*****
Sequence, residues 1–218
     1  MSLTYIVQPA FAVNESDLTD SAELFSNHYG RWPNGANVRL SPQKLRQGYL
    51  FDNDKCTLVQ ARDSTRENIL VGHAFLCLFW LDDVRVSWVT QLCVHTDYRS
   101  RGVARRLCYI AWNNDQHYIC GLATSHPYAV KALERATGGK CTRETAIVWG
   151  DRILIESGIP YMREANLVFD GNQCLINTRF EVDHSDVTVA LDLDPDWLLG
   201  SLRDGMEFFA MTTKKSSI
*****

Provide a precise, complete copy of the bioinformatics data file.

Sequence, residues 1–218
     1  MSLTYIVQPA FAVNESDLTD SAELFSNHYG RWPNGANVRL SPQKLRQGYL
    51  FDNDKCTLVQ ARDSTRENIL VGHAFLCLFW LDDVRVSWVT QLCVHTDYRS
   101  RGVARRLCYI AWNNDQHYIC GLATSHPYAV KALERATGGK CTRETAIVWG
   151  DRILIESGIP YMREANLVFD GNQCLINTRF EVDHSDVTVA LDLDPDWLLG
   201  SLRDGMEFFA MTTKKSSI